Now drag and drop our calculated field onto the colors card and make sure to compute using customer name as we are using it for detailing.

Here we can see the strength of the relationship between profits and sales of data per category; the darker the color, th he stronger the correlation.

Next we’ll add trend lines to determine the direction of forecasted sales.

These trend lines help demonstrate which type of correlation (positive, negative or zero correlation) there is in our data. You can explore some more and gain additional insights if you add different variables like region.

From this analysis we can understand how two or more variables are correlated with each other. We begin to understand how each region’s sales and profits are related.

Let’s see how a correlation matrix helps us represent the relationship between multiple variables.

A correlation matrix is used to understand the dependence between multiple variables at same time. Correlation matrices are very helpful in obtaining insights between the same variables or commodities. They are very useful in market basket analysis.

Let’s see how it works in Tableau. Download the “mtcars” dataset from this link. After downloading it, connect it to Tableau and explore the dataset.

The dataset has 35 variables where each row represents one model of car and each column represents an attribute of that car.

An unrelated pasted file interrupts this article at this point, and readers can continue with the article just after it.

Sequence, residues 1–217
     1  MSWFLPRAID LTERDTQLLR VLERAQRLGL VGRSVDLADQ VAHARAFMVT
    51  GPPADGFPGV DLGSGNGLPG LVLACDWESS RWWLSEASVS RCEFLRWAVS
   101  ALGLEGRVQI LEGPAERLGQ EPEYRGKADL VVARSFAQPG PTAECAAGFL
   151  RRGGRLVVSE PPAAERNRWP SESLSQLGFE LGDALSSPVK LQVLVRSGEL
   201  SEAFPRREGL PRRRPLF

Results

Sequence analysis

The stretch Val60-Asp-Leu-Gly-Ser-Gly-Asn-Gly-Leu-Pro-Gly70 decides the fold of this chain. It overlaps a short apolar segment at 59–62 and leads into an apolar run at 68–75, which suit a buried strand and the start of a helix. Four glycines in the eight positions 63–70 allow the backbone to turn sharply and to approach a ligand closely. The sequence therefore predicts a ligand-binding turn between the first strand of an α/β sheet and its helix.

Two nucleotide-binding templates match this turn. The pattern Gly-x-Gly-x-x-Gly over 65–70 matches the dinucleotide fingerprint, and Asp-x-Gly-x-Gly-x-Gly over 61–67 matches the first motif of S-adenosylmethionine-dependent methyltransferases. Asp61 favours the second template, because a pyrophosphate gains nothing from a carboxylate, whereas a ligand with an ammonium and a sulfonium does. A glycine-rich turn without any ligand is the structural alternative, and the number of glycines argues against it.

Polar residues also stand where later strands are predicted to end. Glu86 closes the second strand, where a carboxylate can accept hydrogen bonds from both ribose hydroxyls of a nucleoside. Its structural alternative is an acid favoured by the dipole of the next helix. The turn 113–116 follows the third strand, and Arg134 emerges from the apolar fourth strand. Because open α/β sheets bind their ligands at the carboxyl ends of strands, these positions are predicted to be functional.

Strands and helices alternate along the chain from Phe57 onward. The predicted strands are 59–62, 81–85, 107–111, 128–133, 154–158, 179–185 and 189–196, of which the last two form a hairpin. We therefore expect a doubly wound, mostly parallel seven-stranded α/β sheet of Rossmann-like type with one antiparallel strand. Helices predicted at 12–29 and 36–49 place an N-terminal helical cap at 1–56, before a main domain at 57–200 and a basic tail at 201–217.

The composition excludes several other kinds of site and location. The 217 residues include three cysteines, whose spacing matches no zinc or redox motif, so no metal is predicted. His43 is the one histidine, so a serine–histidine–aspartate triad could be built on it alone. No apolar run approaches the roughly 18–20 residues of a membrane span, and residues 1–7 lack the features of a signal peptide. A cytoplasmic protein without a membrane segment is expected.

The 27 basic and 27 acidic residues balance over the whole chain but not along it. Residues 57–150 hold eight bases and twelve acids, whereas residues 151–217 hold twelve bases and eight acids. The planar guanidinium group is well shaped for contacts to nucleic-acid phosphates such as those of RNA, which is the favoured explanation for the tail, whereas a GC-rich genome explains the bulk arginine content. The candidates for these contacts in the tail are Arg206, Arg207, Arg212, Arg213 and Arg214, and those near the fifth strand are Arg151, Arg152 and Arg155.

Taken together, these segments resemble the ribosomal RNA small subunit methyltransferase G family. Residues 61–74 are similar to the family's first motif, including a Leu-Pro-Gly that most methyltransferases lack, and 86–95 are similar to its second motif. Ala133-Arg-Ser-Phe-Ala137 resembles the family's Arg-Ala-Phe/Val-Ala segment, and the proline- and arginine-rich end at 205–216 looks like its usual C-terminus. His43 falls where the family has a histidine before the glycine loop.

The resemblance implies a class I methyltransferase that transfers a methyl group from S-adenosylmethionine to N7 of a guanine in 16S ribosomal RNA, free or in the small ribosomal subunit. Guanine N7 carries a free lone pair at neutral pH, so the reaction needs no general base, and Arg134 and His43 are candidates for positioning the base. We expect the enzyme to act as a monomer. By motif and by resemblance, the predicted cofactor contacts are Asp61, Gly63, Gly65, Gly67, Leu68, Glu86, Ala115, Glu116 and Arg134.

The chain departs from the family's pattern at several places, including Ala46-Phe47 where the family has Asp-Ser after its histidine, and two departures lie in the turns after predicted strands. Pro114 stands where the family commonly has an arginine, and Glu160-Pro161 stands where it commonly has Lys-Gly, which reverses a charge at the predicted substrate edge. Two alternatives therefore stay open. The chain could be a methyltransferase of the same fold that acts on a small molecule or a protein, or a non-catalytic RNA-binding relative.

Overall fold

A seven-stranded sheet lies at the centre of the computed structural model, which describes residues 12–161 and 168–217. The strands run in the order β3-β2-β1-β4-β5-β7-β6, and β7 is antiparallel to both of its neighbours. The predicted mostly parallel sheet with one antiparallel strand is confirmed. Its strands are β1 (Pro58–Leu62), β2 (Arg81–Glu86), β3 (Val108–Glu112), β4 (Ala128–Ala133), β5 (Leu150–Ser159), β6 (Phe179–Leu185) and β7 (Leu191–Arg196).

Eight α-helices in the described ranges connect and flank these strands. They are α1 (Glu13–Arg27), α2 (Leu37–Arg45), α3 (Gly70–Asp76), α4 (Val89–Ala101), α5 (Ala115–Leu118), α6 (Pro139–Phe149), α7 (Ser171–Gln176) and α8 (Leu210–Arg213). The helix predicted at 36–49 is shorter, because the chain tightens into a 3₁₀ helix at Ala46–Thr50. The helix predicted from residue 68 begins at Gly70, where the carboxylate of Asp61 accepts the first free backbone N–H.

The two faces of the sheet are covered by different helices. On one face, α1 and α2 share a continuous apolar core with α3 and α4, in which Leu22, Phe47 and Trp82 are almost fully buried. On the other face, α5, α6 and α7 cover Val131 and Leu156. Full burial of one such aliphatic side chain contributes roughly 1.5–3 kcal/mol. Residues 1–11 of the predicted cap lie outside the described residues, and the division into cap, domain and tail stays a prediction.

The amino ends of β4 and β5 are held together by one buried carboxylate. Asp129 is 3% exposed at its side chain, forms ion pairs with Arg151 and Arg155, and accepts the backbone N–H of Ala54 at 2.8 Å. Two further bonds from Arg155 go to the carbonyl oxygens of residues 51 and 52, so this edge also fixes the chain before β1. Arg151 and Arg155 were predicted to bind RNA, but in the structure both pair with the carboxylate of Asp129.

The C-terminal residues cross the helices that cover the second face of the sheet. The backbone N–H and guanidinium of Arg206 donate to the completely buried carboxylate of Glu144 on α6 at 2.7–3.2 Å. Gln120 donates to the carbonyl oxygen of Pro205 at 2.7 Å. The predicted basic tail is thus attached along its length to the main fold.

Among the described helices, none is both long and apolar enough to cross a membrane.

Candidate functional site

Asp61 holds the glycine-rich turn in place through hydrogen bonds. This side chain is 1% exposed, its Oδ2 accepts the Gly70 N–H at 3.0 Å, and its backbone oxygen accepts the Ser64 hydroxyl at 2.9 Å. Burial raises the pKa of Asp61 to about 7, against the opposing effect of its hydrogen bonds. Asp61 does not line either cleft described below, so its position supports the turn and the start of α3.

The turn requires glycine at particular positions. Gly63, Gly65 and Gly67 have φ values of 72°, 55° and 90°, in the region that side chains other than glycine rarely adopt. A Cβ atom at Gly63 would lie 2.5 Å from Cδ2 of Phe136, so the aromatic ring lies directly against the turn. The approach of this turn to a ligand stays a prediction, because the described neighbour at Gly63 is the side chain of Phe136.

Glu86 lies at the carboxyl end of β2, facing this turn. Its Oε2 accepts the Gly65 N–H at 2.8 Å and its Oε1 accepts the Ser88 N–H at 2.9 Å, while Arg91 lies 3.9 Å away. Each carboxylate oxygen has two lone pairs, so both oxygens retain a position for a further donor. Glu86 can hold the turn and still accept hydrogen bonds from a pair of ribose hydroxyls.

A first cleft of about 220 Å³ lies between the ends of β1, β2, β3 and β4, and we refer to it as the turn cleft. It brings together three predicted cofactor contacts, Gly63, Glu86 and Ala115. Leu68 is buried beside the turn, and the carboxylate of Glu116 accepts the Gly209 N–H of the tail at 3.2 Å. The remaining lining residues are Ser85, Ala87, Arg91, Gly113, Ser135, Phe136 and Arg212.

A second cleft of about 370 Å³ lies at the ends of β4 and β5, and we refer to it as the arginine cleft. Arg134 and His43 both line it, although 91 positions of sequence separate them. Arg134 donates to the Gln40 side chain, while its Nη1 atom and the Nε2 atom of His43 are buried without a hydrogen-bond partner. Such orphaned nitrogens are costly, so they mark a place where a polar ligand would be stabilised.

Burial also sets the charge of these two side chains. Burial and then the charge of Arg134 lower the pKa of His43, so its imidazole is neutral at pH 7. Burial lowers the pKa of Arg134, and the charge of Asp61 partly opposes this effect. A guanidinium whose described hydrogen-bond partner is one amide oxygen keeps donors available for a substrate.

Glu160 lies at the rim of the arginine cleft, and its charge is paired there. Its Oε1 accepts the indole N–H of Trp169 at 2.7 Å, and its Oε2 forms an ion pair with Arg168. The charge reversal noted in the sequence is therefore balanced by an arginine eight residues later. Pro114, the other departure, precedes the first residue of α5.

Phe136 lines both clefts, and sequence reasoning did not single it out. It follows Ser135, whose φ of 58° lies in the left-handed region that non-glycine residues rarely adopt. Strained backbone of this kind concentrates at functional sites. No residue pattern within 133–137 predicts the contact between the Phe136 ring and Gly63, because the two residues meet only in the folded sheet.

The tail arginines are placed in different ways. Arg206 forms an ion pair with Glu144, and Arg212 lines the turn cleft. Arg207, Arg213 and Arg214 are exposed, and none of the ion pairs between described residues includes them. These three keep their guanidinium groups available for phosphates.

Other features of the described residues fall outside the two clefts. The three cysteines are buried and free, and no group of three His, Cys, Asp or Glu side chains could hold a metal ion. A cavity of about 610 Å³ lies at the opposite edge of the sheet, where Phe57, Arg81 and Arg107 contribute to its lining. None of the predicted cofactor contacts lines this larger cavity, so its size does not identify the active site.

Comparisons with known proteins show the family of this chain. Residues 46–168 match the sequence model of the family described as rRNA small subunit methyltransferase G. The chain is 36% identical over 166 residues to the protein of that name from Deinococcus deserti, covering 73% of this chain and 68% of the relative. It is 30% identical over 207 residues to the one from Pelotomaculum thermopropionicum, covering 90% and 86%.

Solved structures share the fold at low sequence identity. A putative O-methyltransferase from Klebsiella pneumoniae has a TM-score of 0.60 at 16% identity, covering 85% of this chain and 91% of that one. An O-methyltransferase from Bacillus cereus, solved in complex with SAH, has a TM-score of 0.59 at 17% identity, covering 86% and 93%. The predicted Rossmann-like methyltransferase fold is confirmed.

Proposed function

Variables present in dataset:

Mpg = Miles/gallon.

Cyl = Number of Cylinders.

Disp = Displacement (cubic inches)

Hp = Gross Horsepower

Drat = Rear axle ratio

Wt = Weight (lb/1000)

Qsec = ¼ mile time

Vs = V/Sec

Am = Transmission (0 = automatic, 1 = manual)

Gear = Number of forward gears

Carb =Number of Carburetors

Let’s use these variables to make our visualization. I made this amazing visualization showing correlation between models by referring to Bore Beran’s blog article, in which he explained how to make this visualization which helps us understand more about using Tableau to understand correlation.

Conclusion

We must keep in mind that if we want to measure the dependence between two variables, correlation is the best way to do it. A correlation value always lies between -1 and 1. The closer the value of the correlation coefficient is to 1, the stronger their relationship. We must remember that correlation is not causation and many people misunderstand this. There are many more relations and insights that can be unlocked from this dataset. Explore more by experimenting with this dataset using Tableau. Practice to be perfect.

Author Bio

This article was contributed by Perceptive Analytics. Juturu Pavan, Prudhvi Sai Ram, Saneesh Veetil and Chaitanya Sagar contributed to this article.

Perceptive Analytics provides Tableau Consulting, data analytics, business intelligence and reporting services to e-commerce, retail, healthcare and pharmaceutical industries. Our client roster includes Fortune 500 and NYSE listed companies in the USA and India.